In complete contrast was the memorial of Maharana Pratap and his horse Chetak. The driver told us another story as we drove to Haldi Ghati, the scene of one of the most famous battles in Indian history between Maharana Pratap and Man Singh, a Rajput who sold his soul to Akbar. While successive governments over the last decade played politics over Maharana Pratap, a school teacher begged banks for a loan to fulfil his dream. One village bank finally gave him Rs 50 lakhs and this teacher launched the project – a memorial to the Maharana.

If you go to Udaipur, drive down to Haldi Ghati and see the memorial – a handiwork of love and devotion – constructed in three years and still coming up. My reason for mentioning this memorial is because not even 30 metres away is a wall that lies incomplete in spite of having been started a decade ago – a symbol of the dirty politics being played out between two successive State governments. And we were taught this lesson in school that Maharana Pratap belonged to India.

Frankly, considering its rich heritage and history, Udaipur is wasting away. The place is supposed to be a Lake City and yet the natural lakes are going dry and don’t even supply water to the city. Strangely enough the lake that supplies water to the city is manmade! And while the people cry out for water, the politicians engage in one-upmanship.

It’s a bit like the roads that we drove around on since we started our holiday. We all know that the roads underwent a dramatic change when Atal Bihari Vajpayee was the prime minister. Sadly at a lot of places we found patchwork and incomplete highways. It is almost as if the Congress Government’s playing cussed and would rather not do anything because it would end up in someone other than the Gandhi -Nehru clan getting credit. The Congress government should know that whether they complete the highway projects or not, it will always be known as Atal Bihari Vajpayee’s dream project. And there’s not a damn thing they can do about it!

There had been governments before Vajpayee’s but no one bothered to bring India closer to its people. Look at how long it took them to make the Pune-Mumbai expressway one of the finest stretches in the country. Last week, as we drove to Chittorgarh, I couldn’t help marvelling at the expressway between Vadodara and Ahmedabad. In the last three years, I have driven around the good, bad and the terrible roads in this country, so this stretch was, I thought till then, the best road I had driven on in India.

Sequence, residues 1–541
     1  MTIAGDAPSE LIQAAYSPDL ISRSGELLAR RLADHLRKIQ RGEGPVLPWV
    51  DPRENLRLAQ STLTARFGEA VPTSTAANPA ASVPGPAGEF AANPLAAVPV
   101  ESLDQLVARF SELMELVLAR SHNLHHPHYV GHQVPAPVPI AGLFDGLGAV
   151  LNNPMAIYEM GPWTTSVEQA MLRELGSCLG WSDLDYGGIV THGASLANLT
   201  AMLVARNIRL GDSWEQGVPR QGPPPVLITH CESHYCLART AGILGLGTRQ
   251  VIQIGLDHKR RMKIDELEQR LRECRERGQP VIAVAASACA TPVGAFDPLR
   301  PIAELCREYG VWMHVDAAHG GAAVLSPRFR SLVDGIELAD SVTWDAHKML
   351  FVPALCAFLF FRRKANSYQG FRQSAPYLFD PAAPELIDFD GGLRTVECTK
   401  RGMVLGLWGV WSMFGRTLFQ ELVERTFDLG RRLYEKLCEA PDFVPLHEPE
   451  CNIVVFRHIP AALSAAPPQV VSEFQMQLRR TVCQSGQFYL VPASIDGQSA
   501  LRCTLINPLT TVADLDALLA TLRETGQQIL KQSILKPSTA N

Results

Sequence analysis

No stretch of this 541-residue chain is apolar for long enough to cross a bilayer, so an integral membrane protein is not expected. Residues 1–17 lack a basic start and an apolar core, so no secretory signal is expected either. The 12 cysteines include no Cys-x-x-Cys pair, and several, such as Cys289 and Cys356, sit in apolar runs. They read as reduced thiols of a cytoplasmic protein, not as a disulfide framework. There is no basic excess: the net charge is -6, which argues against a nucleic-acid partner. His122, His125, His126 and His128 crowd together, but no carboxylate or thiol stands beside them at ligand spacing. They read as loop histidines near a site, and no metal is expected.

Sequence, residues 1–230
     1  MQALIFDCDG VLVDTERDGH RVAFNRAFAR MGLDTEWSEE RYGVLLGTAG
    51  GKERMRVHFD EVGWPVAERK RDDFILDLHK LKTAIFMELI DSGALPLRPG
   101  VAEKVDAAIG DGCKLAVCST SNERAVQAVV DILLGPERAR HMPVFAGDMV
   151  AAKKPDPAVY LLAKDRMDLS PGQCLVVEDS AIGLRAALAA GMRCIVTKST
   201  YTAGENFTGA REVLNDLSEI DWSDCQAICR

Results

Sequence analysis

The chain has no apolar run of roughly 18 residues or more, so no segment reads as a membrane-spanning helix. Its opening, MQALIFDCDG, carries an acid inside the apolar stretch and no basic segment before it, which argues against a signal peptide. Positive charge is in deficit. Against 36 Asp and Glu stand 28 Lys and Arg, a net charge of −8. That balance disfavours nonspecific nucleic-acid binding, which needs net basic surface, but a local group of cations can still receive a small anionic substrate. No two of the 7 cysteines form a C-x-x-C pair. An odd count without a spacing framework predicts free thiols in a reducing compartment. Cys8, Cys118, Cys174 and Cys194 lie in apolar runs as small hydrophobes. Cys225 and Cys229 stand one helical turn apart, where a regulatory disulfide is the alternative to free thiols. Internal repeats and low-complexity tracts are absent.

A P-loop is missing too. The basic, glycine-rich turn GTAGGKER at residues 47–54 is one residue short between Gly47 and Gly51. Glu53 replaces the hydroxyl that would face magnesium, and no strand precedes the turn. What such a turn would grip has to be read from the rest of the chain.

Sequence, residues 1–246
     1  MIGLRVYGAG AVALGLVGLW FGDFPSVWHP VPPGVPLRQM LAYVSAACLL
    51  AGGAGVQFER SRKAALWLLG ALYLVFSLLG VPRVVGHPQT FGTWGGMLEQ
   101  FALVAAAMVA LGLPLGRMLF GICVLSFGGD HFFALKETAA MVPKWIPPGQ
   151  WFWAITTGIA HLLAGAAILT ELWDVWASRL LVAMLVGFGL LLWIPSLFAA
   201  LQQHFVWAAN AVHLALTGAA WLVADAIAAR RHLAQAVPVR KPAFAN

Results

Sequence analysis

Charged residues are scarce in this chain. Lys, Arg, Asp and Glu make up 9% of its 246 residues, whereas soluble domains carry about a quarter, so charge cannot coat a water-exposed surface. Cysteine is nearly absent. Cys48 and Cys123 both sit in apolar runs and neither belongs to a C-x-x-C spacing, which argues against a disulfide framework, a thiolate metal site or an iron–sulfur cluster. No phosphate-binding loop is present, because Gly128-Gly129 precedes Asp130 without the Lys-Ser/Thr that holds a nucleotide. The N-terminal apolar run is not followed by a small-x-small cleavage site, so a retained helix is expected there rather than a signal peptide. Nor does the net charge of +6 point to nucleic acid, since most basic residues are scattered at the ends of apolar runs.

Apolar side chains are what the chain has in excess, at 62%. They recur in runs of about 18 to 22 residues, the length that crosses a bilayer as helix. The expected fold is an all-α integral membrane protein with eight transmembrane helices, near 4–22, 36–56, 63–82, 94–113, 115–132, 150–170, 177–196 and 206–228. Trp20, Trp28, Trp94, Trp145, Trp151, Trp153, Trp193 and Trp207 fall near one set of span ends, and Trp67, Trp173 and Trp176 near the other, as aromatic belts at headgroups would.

So should I be thanking Atal Bihari Vajpayee for the state of Indian roads? Let’s be honest, if it had not been for him I don’t think a lot of (not too adventurous) middle class Indians like me would ever have ventured out to see the country by road.

Then there was Ajmer and Pushkar, which are a conman’s dream location. When we left for the Ajmer dargah we were told to leave everything, but the clothes we had on, behind in our room. By everything we were told it meant wallet, handbags, watches, rings, mobiles, necklace just anything. so that’s how we went.

At Pushkar, of course, it was a different story. From the toll gate to the temple every attempt was made to fleece us by extremely polite guides who were hand-in-glove with the so called Brahmin priests. They tried to wheedle us out of Rs 11,000 till they ran into another Brahmin – my wife – who knows a thing or two about saving and making money! They tried really hard, but gave up!

Before we left Pune on May 2, I hoped we would encounter some decently constructed roads that we could drive on without having to feel we were on an obstacle course. Except for the stretch between Sawai Madhopur and Ajmer, it’s been a pleasure driving in Gujarat and Rajasthan. We reached Udaipur driving on a four-lane highway in quick time. Let’s hope it stays that way. We leave for the Gir Lion Sanctuary tomorrow. After watching a tiger from just ten feet away at Ranthambhore, I am hoping the lions too will give us something more to remember this holiday.